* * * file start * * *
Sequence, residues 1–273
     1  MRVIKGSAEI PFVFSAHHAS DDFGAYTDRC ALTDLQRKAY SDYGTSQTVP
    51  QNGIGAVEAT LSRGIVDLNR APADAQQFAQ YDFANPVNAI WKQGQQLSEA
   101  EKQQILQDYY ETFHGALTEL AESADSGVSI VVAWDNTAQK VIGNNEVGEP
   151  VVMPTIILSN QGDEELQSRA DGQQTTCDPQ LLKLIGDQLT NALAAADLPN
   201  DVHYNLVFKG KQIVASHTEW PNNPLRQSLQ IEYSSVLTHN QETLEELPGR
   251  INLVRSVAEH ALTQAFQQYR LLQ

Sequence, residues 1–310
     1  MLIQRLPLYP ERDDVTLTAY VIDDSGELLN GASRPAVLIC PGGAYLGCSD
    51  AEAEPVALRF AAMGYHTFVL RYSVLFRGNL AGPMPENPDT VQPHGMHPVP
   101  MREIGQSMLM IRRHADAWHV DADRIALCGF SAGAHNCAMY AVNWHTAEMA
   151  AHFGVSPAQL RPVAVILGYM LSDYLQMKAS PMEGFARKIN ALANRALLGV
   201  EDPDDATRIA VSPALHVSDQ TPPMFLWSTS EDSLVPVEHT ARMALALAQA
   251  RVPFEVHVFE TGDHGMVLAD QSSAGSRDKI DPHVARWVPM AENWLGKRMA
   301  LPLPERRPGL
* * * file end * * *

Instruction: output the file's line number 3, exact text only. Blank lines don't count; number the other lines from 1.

    51  QNGIGAVEAT LSRGIVDLNR APADAQQFAQ YDFANPVNAI WKQGQQLSEA